The International System of Units, the SI, is the internationally agreed basis for expressing measurements at all levels of precision and in all areas of science, technology, and human endeavour.
The authoritative description of the SI and its development is given in the SI brochure (8th ed.) available from the BIPM (Internatoinal Bureau of Weights and Measures) web site in both full and summary form.
The value of a quantity is expressed as the product of a number and a unit. The SI uses a set of well defined and easily accessible units universally agreed for the multitude of measurements that support today’s complex society. The units have been chosen so that they are readily available to all, are constant throughout time and space, and are easy to realise with high accuracy. The SI is founded on 7 base units which are considered to be independent of each other. By combining these using equations expressing physical laws, derived units are created. For each kind of quantity there is only one SI unit.
For more on the base and derived units follow the links to each measurement area.
The creation of the decimal metric system at the time of the French Revolution and the subsequent deposition of two platinum standards representing the metre and the kilogram, on 22 June 1799, in the Archives de la République in Paris can be seen as the first step in the development of the present International System of Units.
After the signing of the Metre Convention on 20 May 1875, work began on the new international prototypes of the metre and kilogram. In 1889 these international prototypes, together with the astronomical second as the unit of time constituted a three-dimensional mechanical unit system. With the base units metre, kilogram and second it was known as the MKS system.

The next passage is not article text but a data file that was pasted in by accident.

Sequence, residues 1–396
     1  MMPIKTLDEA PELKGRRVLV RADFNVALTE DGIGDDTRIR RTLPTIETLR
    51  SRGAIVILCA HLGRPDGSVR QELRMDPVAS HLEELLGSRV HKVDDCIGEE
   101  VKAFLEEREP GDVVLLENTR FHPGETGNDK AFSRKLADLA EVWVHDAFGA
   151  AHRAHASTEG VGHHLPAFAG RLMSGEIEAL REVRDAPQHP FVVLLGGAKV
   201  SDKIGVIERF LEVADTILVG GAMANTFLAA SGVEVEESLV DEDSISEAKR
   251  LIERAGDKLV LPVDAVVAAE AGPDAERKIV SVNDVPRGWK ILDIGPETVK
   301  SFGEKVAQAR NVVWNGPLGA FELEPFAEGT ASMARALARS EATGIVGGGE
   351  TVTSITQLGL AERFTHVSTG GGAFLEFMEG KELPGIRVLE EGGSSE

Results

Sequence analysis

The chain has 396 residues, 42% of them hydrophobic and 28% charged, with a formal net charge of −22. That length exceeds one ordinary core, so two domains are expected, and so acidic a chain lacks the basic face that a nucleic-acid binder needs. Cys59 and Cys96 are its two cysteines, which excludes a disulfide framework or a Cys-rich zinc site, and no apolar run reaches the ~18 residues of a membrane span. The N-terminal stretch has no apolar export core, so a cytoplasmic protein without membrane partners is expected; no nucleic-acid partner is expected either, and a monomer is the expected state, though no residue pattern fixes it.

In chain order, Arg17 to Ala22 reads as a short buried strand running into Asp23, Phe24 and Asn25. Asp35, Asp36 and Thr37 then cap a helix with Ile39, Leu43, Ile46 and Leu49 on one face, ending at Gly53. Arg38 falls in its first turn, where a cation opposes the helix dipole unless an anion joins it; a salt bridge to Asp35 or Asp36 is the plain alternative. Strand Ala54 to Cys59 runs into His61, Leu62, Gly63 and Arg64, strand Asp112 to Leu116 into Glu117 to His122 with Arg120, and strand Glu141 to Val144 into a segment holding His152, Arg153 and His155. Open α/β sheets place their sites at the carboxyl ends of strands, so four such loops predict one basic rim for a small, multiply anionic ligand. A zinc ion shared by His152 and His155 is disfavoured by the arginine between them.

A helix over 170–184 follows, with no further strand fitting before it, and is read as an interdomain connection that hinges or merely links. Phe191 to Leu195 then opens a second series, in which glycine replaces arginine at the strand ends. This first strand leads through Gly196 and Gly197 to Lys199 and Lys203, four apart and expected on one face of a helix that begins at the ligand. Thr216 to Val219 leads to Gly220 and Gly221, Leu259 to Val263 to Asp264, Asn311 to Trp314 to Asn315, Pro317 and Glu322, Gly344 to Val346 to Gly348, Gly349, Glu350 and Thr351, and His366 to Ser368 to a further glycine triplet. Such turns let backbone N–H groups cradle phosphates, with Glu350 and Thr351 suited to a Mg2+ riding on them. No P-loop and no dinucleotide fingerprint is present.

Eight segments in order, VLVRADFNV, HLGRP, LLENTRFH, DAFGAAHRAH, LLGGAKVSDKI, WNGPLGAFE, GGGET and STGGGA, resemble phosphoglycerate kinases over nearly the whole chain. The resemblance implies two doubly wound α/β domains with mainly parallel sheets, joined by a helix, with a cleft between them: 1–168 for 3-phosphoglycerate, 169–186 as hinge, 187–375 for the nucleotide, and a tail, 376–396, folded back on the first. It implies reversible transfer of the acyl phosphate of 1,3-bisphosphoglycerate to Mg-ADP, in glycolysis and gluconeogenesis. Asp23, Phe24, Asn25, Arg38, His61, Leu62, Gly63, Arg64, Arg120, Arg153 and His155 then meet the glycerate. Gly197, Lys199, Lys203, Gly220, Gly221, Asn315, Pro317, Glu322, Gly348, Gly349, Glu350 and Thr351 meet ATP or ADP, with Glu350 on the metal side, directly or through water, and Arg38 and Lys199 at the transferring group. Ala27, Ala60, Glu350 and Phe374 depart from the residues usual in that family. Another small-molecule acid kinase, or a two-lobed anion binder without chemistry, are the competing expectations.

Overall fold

In following years the ampere, the kelvin and the candela were added as base units, respectively, for electric current, thermodynamic temperature and luminous intensity. The name International System of Units, with the abbreviation SI, was given to the extended system in 1960. In 1971 the current version of the SI was completed by adding the mole as the base unit for amount of substance.
Revision of the SI in 2018
The International System of Units (SI) will undergo a major revision in 2018 that will be agreed and implemented by the international metrology community.
The changes to the SI involve no longer relying on artefacts to derive some units (such as the kilogram prototype in Paris) and instead use fundamental physical constants.
The use of constants in nature enables you to link from the smallest to the largest measurement quantities. It will tie measurements at the atomic (and quantum) scales to those at the macroscopic level. This introduces the appeal of a fundamental (“quantum”) basis for the changes.
There will still be the same seven base units (second, metre, kilogram, ampere, kelvin, mole, and candela). Of these, the kilogram, ampere, kelvin and mole will be redefined by choosing exact numerical values for the Planck constant, the elementary electric charge, the Boltzmann constant, and the Avogadro constant, respectively. The second, metre and candela are already defined by physical constants and it is only necessary to edit their present definitions.
The new definitions will improve the SI without changing the size of any units, thus ensuring continuity with present measurements.
The changes to the SI will provide a springboard for future innovation.
Further information on the changes can be found on the BIPM website.